Diabetes screenings find emergency cases

Free diabetes
screenings at local supermarkets recently identified some previously
undiagnosed diabetics whose blood-sugar levels were so high they required
emergency treatment.

Nurse Zelta
Gayle, who was instrumental in organising the Rotary Central screening event,
described those cases as “walking
time bombs”.

She said
about 10 people with critically high blood-sugar levels were referred
immediately to the hospital emergency room.

“They were
all undiagnosed and they were at a critical level,” Ms Gayle said. “They did
not know they were diabetic. We told them to go straight to the ER, leave their
shopping, just go.”

The
screenings at seven supermarkets throughout Cayman also revealed “many, many
more” who were also undiagnosed diabetics with high blood-sugar levels, she
said. They were also advised to seek medical assistance at the hospital, with
Dr. Kurdel Espinosa, who diagnosed several of them, or with their own general
practitioner as soon as possible.

Hundreds of
adults and children had their blood checked at the mass screenings organised by
Rotary Central on Saturday, 26 March. Among those tested was Health Minister
Mark Scotland.

Ms Gayle
advised everyone to have their blood-sugar levels checked twice a year. “You
might feel fine, but you could be diabetic and not know it,” she said.

She and other
medical professionals are going through the hundreds of forms filled out by
people who were tested to determine whether they are at risk of diabetes and
will contact those they believe are in need of further attention.

For years, Ms
Gayle has educated and brought awareness to people on Cayman Brac about
diabetes and, having moved to Grand Cayman more than a year ago, she is now
turning her attention to battling the growing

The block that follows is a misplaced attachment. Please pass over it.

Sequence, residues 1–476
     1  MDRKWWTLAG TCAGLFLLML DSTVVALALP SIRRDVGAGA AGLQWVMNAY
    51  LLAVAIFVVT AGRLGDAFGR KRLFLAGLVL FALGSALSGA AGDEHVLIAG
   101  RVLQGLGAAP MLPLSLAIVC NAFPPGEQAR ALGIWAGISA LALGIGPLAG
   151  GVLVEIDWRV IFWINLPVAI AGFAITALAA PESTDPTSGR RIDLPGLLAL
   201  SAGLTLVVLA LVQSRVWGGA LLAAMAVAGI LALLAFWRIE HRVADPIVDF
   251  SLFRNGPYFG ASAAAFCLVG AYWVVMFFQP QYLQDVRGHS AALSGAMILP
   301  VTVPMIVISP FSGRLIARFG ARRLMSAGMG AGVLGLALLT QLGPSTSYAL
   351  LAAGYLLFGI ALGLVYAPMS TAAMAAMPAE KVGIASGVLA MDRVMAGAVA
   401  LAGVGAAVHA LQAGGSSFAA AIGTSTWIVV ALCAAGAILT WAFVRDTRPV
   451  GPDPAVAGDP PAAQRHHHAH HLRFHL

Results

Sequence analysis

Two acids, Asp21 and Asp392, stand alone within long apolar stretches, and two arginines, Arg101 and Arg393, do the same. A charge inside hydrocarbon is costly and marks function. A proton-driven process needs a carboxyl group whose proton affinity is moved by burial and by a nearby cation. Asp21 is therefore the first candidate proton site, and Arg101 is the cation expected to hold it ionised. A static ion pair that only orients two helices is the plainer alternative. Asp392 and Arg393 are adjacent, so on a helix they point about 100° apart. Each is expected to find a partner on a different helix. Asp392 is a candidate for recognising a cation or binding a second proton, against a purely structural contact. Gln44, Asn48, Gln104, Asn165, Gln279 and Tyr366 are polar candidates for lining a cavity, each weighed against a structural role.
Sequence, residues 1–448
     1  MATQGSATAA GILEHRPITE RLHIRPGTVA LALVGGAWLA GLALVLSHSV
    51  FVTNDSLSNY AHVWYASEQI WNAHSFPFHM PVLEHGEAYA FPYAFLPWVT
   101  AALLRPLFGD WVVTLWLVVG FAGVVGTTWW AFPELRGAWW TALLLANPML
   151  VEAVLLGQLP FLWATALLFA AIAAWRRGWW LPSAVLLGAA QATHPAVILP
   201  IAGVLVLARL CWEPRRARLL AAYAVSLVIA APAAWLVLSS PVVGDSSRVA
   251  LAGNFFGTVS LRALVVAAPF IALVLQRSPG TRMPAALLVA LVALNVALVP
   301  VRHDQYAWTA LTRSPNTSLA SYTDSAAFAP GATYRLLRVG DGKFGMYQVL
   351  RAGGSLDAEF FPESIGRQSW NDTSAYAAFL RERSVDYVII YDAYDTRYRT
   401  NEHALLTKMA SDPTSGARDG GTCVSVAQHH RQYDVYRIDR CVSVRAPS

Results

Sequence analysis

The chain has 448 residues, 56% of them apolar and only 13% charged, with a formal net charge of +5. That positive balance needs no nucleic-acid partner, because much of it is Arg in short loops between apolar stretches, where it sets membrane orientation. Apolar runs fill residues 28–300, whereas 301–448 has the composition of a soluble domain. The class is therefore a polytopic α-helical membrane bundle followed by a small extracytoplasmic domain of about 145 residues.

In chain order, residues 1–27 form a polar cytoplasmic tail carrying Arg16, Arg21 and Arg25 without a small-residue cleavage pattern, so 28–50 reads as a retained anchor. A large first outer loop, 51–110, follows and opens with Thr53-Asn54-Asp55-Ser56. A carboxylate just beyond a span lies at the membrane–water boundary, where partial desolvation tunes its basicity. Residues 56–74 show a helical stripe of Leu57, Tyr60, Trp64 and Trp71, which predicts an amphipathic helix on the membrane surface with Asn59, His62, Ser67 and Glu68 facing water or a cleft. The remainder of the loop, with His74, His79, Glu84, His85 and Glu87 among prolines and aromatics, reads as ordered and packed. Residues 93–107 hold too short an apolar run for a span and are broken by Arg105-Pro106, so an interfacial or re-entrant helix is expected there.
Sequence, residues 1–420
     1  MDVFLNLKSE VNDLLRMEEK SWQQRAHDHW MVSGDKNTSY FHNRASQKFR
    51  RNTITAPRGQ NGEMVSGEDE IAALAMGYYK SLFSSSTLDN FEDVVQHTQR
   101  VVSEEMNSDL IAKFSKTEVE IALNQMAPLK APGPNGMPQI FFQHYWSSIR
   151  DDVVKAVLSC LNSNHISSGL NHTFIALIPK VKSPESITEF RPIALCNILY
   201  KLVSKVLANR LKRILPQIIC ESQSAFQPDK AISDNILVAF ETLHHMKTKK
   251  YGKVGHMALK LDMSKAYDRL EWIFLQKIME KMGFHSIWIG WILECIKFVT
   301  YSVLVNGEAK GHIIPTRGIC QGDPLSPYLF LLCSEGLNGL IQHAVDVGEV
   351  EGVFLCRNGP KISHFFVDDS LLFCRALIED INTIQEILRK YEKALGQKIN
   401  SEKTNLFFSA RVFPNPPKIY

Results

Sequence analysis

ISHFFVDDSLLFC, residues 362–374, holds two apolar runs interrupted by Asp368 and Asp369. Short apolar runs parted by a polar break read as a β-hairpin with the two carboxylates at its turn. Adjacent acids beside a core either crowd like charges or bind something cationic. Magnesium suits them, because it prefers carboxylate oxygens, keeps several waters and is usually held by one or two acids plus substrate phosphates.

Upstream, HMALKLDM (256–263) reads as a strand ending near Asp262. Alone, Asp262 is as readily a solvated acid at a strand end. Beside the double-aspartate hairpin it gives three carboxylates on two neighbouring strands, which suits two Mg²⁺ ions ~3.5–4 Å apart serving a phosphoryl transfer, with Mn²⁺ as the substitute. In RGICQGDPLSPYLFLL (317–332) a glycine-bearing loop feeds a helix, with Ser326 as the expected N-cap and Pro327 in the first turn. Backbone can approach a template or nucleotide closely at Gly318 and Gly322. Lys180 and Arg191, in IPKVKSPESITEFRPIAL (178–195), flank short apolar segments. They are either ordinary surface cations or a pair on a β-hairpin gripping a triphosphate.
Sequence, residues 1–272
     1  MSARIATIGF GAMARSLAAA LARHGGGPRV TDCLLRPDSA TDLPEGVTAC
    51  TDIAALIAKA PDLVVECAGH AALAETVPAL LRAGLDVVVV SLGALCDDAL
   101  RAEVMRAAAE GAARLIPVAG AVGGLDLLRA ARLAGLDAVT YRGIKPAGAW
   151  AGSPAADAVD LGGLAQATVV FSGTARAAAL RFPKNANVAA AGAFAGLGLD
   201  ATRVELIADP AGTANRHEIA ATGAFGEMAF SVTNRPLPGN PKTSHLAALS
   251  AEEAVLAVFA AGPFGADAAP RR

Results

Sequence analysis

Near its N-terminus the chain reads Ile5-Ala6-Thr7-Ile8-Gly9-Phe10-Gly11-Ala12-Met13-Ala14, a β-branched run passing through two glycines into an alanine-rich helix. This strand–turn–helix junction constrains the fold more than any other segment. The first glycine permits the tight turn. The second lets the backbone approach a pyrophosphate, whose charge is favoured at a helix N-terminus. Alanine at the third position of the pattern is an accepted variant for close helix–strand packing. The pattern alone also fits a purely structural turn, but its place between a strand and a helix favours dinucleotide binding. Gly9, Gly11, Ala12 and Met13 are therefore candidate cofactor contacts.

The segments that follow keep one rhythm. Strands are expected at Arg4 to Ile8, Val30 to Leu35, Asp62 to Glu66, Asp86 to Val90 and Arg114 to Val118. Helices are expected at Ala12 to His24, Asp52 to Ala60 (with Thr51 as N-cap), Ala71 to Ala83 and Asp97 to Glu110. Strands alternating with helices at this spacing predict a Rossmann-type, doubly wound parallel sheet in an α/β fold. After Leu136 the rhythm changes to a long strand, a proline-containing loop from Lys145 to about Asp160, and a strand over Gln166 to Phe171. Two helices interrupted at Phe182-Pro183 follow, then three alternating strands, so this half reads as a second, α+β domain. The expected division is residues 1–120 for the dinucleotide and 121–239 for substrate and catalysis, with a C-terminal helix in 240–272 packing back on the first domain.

epdemic of diabetes on this Island.

She chairs
Rotary Central’s diabetes initiative. In 2000, she was one of the lead team
members who launched the Faith Hospital Diabetes Clinic. She wrote the clinic’s
guidelines and created and maintained an electronic database of Cayman Brac’s
diabetics. She was Nurse of The Year in 1994 and was awarded the Queen
Elizabeth II Golden Jubilee Medal for her contribution to the Cayman Islands
society in 2002. She also was a diabetic clinic coordinator and educator until
she relocated to Grand Cayman.

Goals

Ms Gayle
explained that one of the goals of the diabetes screening event was to
sensitise the public to the prevalence of this disease in Cayman and the part
each person can play in minimising its occurrence.

Health
officials say 6 per cent of the population of the Cayman Islands has
diabetes. 

Ms Gayle and
diabetes specialists can be heard once a month on Talk Today on Radio Cayman
and listeners can call in with questions about diabetes.

She advised
anyone showing symptoms of diabetes to immediately pay a visit to a doctor.
Symptoms include a frequent need to urinate, unquenchable thirst, weight loss,
weakness and fatigue, tingling or numbness in hands, legs or feet, blurred
vision, dry or itchy skin, and cuts or bruises taking a long time to heal.

The Rotary
Central screenings were held at Kirk Supermarket, Cost U Less, Hurley’s
Supermarket, Foster’s Republix, Foster’s Strand, Foster’s Airport and Foster’s
Countryside. Plans are under way to hold similar screenings in East End at a
later date.

The club
plans to make the screenings an annual event.

The
screenings included blood-sugar checks, HbA1C (which gives a three-month range
of blood sugar), height, weight, body mass index (BMI), and on-site
consultations with general practitioners, paediatricians, nutritionists and
pharmacists.

The Ministry
of Health donated $1,000 to cover the costs of purchasing the HbA1C machines’
cartridges used during the community screening.

Those who were
tested were entered into a draw to win a personal blood sugar monitoring kit.

TOPScotlandbloodtestSTORY

Medical staff check Health Minister Mark Scotland’s blood sugar levels during a free screening at Foster’s Food Fair.
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